Weight problems prices an grownup within the US almost $ 1,900 a yr

WEDNESDAY, March 24, 2021 (HealthDay News) – Even a small amount of weight gain in obese people can be associated with higher medical costs, according to a new study.

Obesity is known to contribute to health conditions like arthritis, diabetes, heart disease, and certain types of cancer – and the cost of health care reflects this.

However, the new study delved a little deeper into the relationship between weight and medical costs. Overall, health care costs for obese adults were nearly $ 1,900 higher than their normal-weight peers each year. And once adults were in the obese category, even incremental weight gain meant additional health care expenses, the researchers found.

The results, which are based on nearly 180,000 Americans, sound like bad news.

Viewed differently, however, they also suggest that small weight improvements could save healthcare expenses.

“You could see this as a half-full, half-empty glass,” said Marlene Schwartz, director of the Rudd Center for Food Policy and Obesity at the University of Connecticut.


“On the one hand, it is not just categorical shifts in the BMI that increase healthcare costs, but also small shifts,” said Schwartz, who was not involved in the study.

“On the other hand,” she added, “this suggests that even small improvements in BMI could make a difference.”

The BMI or Body Mass Index is a measure of weight in relation to height. It is often described in categories: A BMI of 30 to 34.9 is the “Obesity Class I” category, 35 to 39.9 is “Class II”, and a BMI of 40 or higher is “Class III” or “Severe” Obesity.

Once a BMI of 30 was reached in this study, annual health care spending increased by one unit to $ 253 per person.

Unsurprisingly, being severely overweight came at the highest price – it cost an additional $ 3,100 per person compared to Americans with a normal BMI.

Still, study leader Zachary Ward agreed that the results can be seen in a positive light.

Even if obese adults cannot lose much weight – a difficult task, Ward said – modest weight loss or even preventing further weight gain could be beneficial.


“If people can maintain their current weight as they age, it could avert some of those additional health care costs,” said Ward, a researcher at the Harvard School of Public Health.

The study, published March 24th in the journal PLOS ONE, is at a time of rising obesity rates among Americans. According to the US Centers for Disease Control and Prevention, more than 42% of adults in the US were obese in 2018. That was a 30% increase about 20 years ago.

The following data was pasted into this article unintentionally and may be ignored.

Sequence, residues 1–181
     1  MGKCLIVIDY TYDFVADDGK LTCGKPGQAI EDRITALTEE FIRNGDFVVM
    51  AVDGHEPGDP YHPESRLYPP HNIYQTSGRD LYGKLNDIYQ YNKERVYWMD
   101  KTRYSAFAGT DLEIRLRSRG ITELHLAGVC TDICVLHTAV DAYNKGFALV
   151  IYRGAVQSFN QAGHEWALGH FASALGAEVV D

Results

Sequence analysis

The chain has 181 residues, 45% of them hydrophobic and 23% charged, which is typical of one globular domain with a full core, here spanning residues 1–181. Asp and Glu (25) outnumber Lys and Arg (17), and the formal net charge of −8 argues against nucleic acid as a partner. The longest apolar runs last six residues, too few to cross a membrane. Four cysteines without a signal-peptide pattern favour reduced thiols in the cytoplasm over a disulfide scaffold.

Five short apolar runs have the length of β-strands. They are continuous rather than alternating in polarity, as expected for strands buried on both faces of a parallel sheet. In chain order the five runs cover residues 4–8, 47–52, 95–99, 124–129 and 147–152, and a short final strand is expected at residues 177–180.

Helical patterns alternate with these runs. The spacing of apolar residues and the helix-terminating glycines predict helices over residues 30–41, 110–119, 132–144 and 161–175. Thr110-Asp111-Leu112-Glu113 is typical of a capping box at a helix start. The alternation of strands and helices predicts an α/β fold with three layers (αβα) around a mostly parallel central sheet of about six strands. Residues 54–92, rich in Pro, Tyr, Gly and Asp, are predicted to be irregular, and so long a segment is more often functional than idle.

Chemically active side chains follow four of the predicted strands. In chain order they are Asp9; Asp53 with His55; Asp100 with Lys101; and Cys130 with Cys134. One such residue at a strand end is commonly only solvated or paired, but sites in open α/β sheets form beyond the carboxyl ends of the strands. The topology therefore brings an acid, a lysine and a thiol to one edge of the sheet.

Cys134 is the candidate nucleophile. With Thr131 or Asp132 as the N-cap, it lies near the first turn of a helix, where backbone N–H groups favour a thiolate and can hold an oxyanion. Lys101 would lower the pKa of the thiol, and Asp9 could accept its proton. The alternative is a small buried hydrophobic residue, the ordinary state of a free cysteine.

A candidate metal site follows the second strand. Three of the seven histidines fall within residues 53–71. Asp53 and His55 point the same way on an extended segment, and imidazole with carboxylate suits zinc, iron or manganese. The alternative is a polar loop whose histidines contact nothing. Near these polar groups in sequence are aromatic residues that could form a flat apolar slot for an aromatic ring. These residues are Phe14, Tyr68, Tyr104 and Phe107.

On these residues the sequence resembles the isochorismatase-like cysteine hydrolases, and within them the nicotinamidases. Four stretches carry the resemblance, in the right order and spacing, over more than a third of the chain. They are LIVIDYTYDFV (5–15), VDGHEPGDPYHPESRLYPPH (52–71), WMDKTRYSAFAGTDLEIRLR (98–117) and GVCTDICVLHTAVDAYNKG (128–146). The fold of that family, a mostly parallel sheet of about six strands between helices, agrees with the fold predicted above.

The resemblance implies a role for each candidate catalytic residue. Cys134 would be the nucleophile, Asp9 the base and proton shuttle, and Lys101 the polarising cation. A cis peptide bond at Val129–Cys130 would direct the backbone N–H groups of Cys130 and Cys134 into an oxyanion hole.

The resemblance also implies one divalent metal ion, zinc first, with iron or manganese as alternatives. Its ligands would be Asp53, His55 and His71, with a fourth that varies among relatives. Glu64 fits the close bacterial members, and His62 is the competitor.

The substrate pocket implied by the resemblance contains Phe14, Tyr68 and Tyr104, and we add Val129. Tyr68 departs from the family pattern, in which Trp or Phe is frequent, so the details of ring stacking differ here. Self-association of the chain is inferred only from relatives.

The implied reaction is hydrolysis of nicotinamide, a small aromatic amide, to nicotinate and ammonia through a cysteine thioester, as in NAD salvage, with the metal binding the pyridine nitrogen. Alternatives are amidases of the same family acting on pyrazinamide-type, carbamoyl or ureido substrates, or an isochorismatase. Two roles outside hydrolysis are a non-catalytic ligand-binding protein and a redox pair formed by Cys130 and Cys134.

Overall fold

Just over 9% of adults are severely obese, the agency says.

The latest findings are based on more than 175,000 adults and children who participated in one of two federal health surveys.

Overall, according to Ward’s team, adult obesity accounted for nearly $ 173 billion in annual medical expenses nationwide.

In general, obesity-related health care costs were highest for people in their sixties, Ward said. But, he added, obesity in children and young adults is a problem in part because they are likely to become obese as they get older.


Ward said childhood is an ideal time for prevention – both because the earlier the better, and because programs in general make it easier for programs to reach out to children.

Schwartz agreed. “It’s so important to focus on good nutrition in childhood,” she said. “And it’s an area that the government can regulate.”

Schwartz noted efforts to make fresh produce and other healthy foods more accessible to low-income Americans through the Food Stamp and Women, Infants and Children programs. The National School Lunch Program has also updated its nutritional standards to increase the children’s fruit and vegetable intake.

But it’s never too late for adults to change their diet or start exercising either. It’s an uphill battle, Schwartz noted, and as people get older they battle the natural slowdown in metabolism.

As the latest findings show, even preventing further weight gain – especially slipping into severe obesity – can be seen as a gain.

“Every step in the right direction counts,” said Schwartz.

But for individuals to be successful, they need help. When healthy choices are made easier – for example, a job with fruits and vegetables instead of vending machines full of junk food – people will respond, Schwartz said.


More information

The US Department of Agriculture advises on inexpensive healthy eating.

SOURCES: Zachary Ward, PhD, MPH, Research Scientist, Center for Health Decision Science, Harvard TH Chan School of Public Health, Boston; Marlene Schwartz, PhD, director of the Rudd Center on Food Policy and Obesity and Professor of Human Development and Family Science at the University of Connecticut, Hartford; PLOS ONE, March 24, 2021, online

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